BWW Review: ENGLISH NATIONAL BALLET - SWAN LAKE, Liverpool Empire
The next lockdown treat courtesy of English National Ballet comes in the form of Derek Deane's Swan Lake. This production last ran over the 2018/19 Winter season, with this particular performance seeing Principals Jurgita Dronina and Isaac Hernandez in the leading roles.
Deane's take is infamous for its unique in-the-round staging, seen previously at the Royal Albert Hall, but this recording is from a traditional proscenium arch adaptation seen at the Liverpool Empire in 2018. The filming is a really enjoyable one; there are plentiful close-ups, especially in the lakeside acts that allows the viewer to marvel at the tightly rehearsed detail in the corps de ballet and read the facial expressions of the central characters.
Isaac Hernandez's Siegfried is a youthful and buoyant presence, not appearing particularly hampered by the dry courtly goings on in Act I. There is also eye-catching strength in ENB's ranks, however. Daniel McCormick shines in the pas de trois with exuberant jumps and pleasing control - he dances a neat menage that flies across the stage with abundant musicality - while there is elegant support from Rina Kanehara and Alison McWhinney.
To the lake, and Peter Farmer's designs are clean and simple, almost minimalist. Of course, the flock of swans are finely schooled and there's secure execution of the fiendish cygnets sequence too. Dronina suits the soft, brittle character of Odette. She dances serenely with a beautiful line in her arabesque and demonstrates wonderful sensitivity with expressive eyes that portray her torment and initial reluctance to engage with Siegfried.
It's the transition between Acts I and II that poses an issue. With the Royal Ballet's glossy new production lingering in the mind where the acts seamlessly blend, continuing the anticipation against the most dramatic moments of Tchaikovsky's score, here the curtain stays down for a considerable amount of time, disturbing the flow and any sense of drama.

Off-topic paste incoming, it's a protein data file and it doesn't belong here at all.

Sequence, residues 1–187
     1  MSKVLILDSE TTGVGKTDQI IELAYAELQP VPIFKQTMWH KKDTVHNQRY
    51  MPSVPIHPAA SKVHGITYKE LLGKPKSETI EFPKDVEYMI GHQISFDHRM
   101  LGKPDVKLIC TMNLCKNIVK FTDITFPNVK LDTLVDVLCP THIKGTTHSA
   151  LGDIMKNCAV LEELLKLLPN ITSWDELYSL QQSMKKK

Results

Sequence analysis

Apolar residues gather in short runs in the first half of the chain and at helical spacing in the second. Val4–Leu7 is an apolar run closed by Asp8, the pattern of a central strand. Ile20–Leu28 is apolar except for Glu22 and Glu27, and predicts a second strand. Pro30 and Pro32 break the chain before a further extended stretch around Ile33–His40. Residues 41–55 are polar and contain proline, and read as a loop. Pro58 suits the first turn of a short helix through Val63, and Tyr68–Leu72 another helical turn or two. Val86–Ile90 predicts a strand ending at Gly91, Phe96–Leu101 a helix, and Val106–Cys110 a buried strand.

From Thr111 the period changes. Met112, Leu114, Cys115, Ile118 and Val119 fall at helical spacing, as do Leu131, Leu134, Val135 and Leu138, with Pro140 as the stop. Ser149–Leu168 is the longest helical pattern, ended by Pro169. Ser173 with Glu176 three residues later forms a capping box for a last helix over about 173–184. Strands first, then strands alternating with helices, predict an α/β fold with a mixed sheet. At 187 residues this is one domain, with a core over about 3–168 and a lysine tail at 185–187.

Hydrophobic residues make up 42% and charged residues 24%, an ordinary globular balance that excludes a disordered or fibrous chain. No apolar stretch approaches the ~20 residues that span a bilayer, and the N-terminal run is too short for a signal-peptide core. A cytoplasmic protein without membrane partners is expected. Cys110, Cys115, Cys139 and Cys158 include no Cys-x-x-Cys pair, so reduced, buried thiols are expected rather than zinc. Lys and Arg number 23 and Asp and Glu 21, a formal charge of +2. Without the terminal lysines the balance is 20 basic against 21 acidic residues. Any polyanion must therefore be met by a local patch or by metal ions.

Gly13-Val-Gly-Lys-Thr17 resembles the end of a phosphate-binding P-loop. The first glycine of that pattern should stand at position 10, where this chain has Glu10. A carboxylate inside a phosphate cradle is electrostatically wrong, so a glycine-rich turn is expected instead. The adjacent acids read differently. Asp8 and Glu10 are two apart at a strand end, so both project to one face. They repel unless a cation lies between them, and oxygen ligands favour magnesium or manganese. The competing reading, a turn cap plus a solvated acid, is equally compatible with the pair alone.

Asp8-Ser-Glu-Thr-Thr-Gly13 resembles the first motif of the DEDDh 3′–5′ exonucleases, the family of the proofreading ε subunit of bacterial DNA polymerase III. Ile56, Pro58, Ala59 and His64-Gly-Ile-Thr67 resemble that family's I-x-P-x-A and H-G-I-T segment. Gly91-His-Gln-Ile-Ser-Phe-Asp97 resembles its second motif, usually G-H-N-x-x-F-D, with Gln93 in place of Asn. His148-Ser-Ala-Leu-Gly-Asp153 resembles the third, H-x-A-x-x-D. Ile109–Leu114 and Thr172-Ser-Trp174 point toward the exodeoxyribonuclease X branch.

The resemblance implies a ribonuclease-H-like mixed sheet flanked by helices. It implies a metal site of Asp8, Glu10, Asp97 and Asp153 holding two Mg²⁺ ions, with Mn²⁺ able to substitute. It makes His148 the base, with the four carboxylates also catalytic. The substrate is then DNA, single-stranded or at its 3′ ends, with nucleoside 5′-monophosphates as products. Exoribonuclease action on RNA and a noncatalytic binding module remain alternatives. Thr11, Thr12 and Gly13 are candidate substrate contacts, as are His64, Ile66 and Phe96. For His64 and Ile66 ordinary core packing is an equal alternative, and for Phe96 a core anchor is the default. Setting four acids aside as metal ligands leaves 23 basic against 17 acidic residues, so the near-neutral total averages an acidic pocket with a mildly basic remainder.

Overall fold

Act III sees another stripped-back set for the grand ball scene. Hernandez seems much more at home here: his intent and characterisation of Siegfried is much clearer and his infatuation with Dronina's Odile more obvious. It's Dronina who struggles more with the feistiness of Odette; she's simply too sweet and neat. It's a nicely danced pas de deux that altogether lacks some fire and ultimately chemistry.
There is strong support, however. James Streeter's Rothbart is commanding throughout, but especially here as he dictates the deception at play. There is a graceful and musical pas de six from a selection of princesses who make up potential suitors for the Prince. A lot of choreography is packed into Deane's Lake and it's easy to imagine it working in the sweeping Albert Hall environment, but here the talented cast deliver the same compact steps and formations with lightness and grace.
Back to the lake once more for the thrilling conclusion. Deane's choreography remains deeply traditional but it is no less impactful. When does the sight of 24 swans flapping their wings in unison, all perfectly spaced and timed, fail to make the spine tingle? Dronina's pain as a wronged Odette is tangible in some strong storytelling, while the score demands a heroic entrance from Hernandez to enhance the final moments of the narrative. I just wish the central couple could have shared a bit more eye contact to humanise a technically strong display.
Deane's Swan Lake was due to be in rep again in just under a month, but of course audiences will have to wait a little longer for an in-the-round experience of this authentic and visually appealing take on the classic story. English National Ballet's Wednesday Watch Party will continue for another two weeks with Song of the Earth and Manon to feature for limited viewing.
Swan Lake is available on Youtube until the evening of 29 May